The show will also include financial experts such as Mlamuli Mbambo who will offer advice on how to be financially fit.
Doctor to the stars, Dr Nicole Kanaris, also features on the show.
“Doctor Nicole Kanaris shows us how JLo has managed to age so well and what’s natural versus where she got some help from the needle or scalpel,” Holland says.
The channel will also feature functional dietician Mpho Tshukudu and author Petra Laranjo talking about veganism and how to be healthier if you’ve adopted this lifestyle.
While launching her own health show has been in the pipeline for some time now, Holland believes the show could not have been launched at a better time with the world battling through a pandemic.
“I think health will always be important for as long as we are alive. However, I think the pandemic shed some light of specific health topics like immunity. We’ve all been forced to learn a little bit more about our personal health, about nutritional supplements, and even medicine.
“The pandemic re-ignited my passion for talking about health issues in a way that educates people from all walks of life. The general notion of being healthy is still somewhat elitist and we also have the idea that it cannot be achieved sans money.
“We talk about the nuances and simplicities of health and fitness and hopefully anyone from any background can take away a nugget or two,” Holland says.
Maintaining her health and fitness has changed her life and she hopes that her show can go a long way in helping others with their health and fitness.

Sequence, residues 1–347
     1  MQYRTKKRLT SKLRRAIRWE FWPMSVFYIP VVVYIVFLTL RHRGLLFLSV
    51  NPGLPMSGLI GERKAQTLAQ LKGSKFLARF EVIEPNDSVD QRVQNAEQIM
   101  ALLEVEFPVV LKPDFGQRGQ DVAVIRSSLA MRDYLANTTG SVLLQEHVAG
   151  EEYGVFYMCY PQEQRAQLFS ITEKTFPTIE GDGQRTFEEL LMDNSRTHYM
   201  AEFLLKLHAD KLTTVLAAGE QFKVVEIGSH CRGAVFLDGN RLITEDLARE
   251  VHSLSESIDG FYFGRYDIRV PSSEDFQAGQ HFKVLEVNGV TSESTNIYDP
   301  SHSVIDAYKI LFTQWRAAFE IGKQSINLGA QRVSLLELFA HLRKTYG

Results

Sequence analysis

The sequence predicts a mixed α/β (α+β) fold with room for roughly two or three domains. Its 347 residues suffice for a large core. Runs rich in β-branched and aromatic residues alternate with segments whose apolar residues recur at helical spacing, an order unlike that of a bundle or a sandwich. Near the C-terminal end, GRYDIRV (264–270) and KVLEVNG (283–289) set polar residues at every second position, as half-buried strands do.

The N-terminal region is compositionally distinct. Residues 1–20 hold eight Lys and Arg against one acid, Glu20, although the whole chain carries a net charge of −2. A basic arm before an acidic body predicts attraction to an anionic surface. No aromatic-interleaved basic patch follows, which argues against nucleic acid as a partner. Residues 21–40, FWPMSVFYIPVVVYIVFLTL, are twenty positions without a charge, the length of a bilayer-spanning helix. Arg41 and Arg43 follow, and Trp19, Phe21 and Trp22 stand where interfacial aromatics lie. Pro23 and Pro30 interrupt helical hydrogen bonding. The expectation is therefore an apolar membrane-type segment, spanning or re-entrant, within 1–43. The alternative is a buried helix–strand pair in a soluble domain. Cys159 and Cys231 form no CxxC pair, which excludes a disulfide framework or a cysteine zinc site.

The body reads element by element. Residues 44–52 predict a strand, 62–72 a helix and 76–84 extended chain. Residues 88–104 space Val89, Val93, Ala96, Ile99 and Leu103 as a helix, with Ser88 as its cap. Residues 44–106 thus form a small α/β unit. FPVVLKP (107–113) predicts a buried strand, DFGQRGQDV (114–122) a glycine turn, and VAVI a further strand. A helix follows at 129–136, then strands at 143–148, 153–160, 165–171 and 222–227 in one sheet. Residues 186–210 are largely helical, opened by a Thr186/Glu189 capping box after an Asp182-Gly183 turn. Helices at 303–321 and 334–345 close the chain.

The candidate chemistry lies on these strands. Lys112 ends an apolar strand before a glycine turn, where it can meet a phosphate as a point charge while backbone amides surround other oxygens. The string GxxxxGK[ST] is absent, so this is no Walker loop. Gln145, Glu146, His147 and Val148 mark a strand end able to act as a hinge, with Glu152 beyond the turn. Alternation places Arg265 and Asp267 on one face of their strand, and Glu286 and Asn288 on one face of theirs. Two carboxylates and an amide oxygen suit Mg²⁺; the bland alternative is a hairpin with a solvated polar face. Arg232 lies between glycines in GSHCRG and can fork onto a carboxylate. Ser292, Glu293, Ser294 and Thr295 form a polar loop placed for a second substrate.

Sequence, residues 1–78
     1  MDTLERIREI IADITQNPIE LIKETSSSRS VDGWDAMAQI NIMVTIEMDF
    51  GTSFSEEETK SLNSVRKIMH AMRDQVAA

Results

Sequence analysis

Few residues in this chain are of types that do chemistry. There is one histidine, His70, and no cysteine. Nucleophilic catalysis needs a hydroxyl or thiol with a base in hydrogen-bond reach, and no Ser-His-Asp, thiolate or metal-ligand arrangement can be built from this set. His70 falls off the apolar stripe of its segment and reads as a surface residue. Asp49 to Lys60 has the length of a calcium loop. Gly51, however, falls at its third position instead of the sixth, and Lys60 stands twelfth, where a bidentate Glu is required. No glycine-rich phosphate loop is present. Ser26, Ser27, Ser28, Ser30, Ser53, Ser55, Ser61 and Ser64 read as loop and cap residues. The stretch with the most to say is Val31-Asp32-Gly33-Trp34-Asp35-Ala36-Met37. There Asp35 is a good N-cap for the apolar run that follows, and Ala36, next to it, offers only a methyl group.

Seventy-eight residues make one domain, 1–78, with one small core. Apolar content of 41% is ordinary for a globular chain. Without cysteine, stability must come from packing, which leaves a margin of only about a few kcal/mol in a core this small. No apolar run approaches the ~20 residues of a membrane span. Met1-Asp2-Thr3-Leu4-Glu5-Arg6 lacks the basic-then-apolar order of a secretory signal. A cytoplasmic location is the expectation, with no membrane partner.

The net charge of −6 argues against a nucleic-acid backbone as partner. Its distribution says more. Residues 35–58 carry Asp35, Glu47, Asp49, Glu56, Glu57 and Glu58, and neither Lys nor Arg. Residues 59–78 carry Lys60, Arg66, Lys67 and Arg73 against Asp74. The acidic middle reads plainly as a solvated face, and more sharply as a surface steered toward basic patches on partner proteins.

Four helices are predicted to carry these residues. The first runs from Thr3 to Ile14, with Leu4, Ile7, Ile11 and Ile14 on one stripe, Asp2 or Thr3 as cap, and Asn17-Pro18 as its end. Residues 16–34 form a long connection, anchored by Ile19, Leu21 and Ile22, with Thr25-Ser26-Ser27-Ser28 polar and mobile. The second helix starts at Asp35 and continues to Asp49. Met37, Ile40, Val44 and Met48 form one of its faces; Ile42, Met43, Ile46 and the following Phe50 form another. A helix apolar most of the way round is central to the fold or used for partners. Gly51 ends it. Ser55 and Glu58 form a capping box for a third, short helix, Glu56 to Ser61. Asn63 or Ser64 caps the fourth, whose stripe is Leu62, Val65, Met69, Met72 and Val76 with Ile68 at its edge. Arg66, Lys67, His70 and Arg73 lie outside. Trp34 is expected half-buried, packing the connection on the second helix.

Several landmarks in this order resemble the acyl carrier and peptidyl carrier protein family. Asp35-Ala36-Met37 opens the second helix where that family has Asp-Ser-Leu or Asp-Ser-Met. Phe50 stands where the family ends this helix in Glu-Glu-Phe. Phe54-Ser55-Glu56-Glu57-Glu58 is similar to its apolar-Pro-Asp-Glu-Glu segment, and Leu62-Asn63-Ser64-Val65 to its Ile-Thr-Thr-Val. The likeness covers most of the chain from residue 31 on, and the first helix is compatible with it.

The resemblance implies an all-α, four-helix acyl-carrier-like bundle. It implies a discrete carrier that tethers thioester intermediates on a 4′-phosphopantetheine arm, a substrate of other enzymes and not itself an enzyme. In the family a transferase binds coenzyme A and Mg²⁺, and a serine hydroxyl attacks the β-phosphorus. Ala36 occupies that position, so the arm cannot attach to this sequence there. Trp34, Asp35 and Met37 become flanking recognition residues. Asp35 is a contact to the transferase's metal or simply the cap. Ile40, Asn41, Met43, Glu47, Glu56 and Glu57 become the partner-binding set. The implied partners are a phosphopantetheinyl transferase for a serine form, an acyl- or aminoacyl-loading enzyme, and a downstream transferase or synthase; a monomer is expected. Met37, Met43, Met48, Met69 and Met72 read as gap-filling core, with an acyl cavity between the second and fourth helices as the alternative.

“I have been plagued by a number of health challenges: skin problems, mental health problems, allergies.
“My immediate family members also struggle with motor-neuron problems, epilepsy and cardiovascular issues. The prognoses for both me and my family members weren’t good. Becoming healthier and fitter helped me manage and even combat some of these health conditions.
“Maintaining a healthy and fit lifestyle has made me more disciplined, more mentally and physically resilient. It’s made my immune system more robust. It’s introduced me to incredible people and allowed me to travel to some beautiful places off the beaten track,” Holland says.
Holland also has some health and fitness advice for South Africans as we look ahead to 2022.
“I always recommend that people start with their why. When your reason for being healthy is not fully and realistically developed you tend to fall off the wagon and struggle to get back on. Give yourself a minimum of three months and a realistic term of a year to experience noticeable but sustainable change.
“Make 2022 the year you fix your gut! Your gut determines an extraordinary amount of health factors in your body: from how you deal with stress, to your moods and even your metabolism. The best way to start is to eliminate trigger foods and see how it makes you feel. Trigger foods include commercial dairy, gluten, processed sugars, and poor quality processed meats.
“Try drinking bone broth daily (there are recipes on my website) and incorporate better quality veg and meat produce in your diet. Another free tip is learning to breathe.” “Practice doing 10 deep belly breaths, in and out through the nose, three to four times a day and before bed,” says Holland